Donald Trump Fabricated A Near-Death Experience, Three Biographies Say

"I can get some publicity out of this," Trump is alleged to have said after three of his executives died in a helicopter accident.

It's a harrowing tale of real estate mogul Donald Trump narrowly escaping death: After meeting with Trump casino executives Stephen Hyde, Mark Grossinger Etess, and Jonathan Benanav, Trump at the last minute decides to not join them on their helicopter ride back to Atlantic City.

Sitting in his office after the meeting on the construction of the Taj Mahal casino in Atlantic City, Trump gets a call from one of his executives' secretaries -- it's an hour and a half later and the executives are nowhere to be found. Trump, not thinking much of it, assumes there's some sort of mix up.

A call comes again, it's the secretary, saying the company that leased the helicopter says it's down. Trump knows that choppers go down all the time for repairs, he's still not fazed, until the next call comes from a reporter.

"Five dead, Mr. Trump. Do you have a comment?" the reporter asks.

The detail of Trump's decision not to go on the flight at the last minute made its way into press accounts and a cover of the NY Daily News. At the time, news accounts attributed the detail of Trump's near-death decision to Trump sources or just stated it as a matter of fact. Even more cited Trump's own spokesman to make the claim.

A UPI wire story cited "sources" to say Trump was scheduled to be on the flight.

"He really doesn't want to talk about it, but he was going to go to Atlantic City and he did change his mind," Dan Klores a Trump spokesman said to the Philadelphia Inquirer in one report.

According to at least three biographies on Trump, however, that detail is a complete fabrication.

"Donald is still sitting in his office commiserating with some of his staff when he gets a call from yet another reporter," reads Harry Hurt's biography of The Donald, Lost Tycoon. "He switches on the speakerphone so that he can hear what the reporter is saying but puts on the mute button so the reporter cannot hear what is being said in the Trump Tower office."

"Mr. Trump, I know this must be horrible for you," the book quotes a reporter on the other line "I know it must be terrible for you to lose your three top casino executives all in the same day. I'm so sorry about what happened...I guess the only thing that could have been worse is if you had been on the helicopter with them."

Trump, according to the book, then looked at one of his vice presidents and said he needed to get publicity out of the incident.

"You're going to hate me for this," Trump is alleged to have said. "But I just can't resist. I can get some publicity out of this."

"Then Donald releases the mute button on his speakerphone and informs the reporter, 'You know, I was going to go with them on that helicopter…' Donald goes on to confide that for some unexplained reason he changed his mind and decided not to go," the book reads.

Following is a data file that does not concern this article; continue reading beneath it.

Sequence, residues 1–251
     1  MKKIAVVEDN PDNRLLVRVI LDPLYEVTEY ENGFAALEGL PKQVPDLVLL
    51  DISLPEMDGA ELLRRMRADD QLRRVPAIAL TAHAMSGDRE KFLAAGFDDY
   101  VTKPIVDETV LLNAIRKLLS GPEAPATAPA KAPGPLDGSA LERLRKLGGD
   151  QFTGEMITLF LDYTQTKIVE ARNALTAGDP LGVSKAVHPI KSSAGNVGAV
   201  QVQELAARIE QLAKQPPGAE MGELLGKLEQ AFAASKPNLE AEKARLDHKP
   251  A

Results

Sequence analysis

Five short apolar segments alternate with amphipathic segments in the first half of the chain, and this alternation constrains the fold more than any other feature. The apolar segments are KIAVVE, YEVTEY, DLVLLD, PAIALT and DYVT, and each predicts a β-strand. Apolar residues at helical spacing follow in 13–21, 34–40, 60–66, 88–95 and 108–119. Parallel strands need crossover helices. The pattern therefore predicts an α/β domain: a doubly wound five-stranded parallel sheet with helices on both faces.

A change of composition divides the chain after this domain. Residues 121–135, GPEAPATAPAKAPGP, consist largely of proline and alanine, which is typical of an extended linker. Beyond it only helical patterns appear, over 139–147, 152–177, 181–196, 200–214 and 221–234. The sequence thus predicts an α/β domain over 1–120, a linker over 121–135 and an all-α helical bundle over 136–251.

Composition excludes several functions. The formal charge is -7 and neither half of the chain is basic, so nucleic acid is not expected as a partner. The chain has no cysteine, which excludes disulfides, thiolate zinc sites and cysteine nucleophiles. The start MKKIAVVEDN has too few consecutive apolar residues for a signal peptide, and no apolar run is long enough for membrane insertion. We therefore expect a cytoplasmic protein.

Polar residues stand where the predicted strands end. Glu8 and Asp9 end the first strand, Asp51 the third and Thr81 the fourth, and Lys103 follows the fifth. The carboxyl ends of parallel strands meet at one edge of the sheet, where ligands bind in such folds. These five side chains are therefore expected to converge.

"The next morning Donald's 'revelation' will appear in a caption on the front page of the New York Daily News beneath photographs of the three dead men: 'Trump decided not to go at the last minute," Hurt writes.

The book cites "a half a dozen bona fide sources close to Trump" to call the claim a "barefaced lie." According to the book, Trump had a meeting that afternoon and couldn't have been on the flight.

Hurt's claim is backed up in investigative reporter Wayne Barrett's book The Deals And The Downfall.

"Donald seemed to be personally traumatized by the disaster - saying publicly that it 'cheapened life' for him, showing him just how fragile everything was," Barrett's biography reads, another claim that is backed up by Hurt.

The book points out that Trump trusted only his personal helicopter for transportation.

"His attitude toward the tragedy shifted, though, from moments when it seemed to move him deeply to times when he did not hesitate to use it for personal advantage," reads the book "He planted stories suggesting that he had almost boarded the chartered copter himself, though he'd never ridden to Atlantic City on one, trusting only his Puma."

Another account, a tell-all book written by former Trump Plaza Hotel & Casino president John R. O'Donnell in the 1990s, makes the same claim.

Even at the time, Trump's tale was disputed by members of his own company.

"Trump had definitely never planned to be on it," said Bernie Dillion, the vice president of Trump Sports and Entertainment to the Associated Press at the time.

In his book Surviving at the Top, released a year later, Trump characterized his plans to get on the helicopter and his decision ultimately not to as a passing thought.

"Then Steve, who was one of the hardest-working guys I ever met, said, 'Donald, we've got to run now. We've got to catch a helicopter,'" Trump writes in his book.

"I very casually look up and said, 'I'll see you guys over the weekend,'" he continues.

"For an instant, as they were walking out, I thought of going with them. I fly down to Atlantic City at least once a week, and I knew that if I made the forty-five minute helicopter trip then, we could continue talking business on the way. But there was just too much to do in the office that day. As quickly as the idea had popped into my mind, I decided not to go. Instead I just said good-bye and went back to reading reports and making phone calls."

A Trump campaign spokeswoman didn't return a request for comment.

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